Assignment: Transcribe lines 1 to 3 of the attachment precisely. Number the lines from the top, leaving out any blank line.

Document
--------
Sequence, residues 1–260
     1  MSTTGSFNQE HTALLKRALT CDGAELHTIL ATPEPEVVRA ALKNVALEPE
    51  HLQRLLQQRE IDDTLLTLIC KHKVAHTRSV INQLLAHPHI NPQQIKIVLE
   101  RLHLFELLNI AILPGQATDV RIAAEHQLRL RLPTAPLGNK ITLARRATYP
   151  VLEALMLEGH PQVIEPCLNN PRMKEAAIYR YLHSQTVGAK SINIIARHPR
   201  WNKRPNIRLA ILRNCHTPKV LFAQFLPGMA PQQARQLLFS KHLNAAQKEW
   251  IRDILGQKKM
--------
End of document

Sequence, residues 1–260
     1  MSTTGSFNQE HTALLKRALT CDGAELHTIL ATPEPEVVRA ALKNVALEPE
    51  HLQRLLQQRE IDDTLLTLIC KHKVAHTRSV INQLLAHPHI NPQQIKIVLE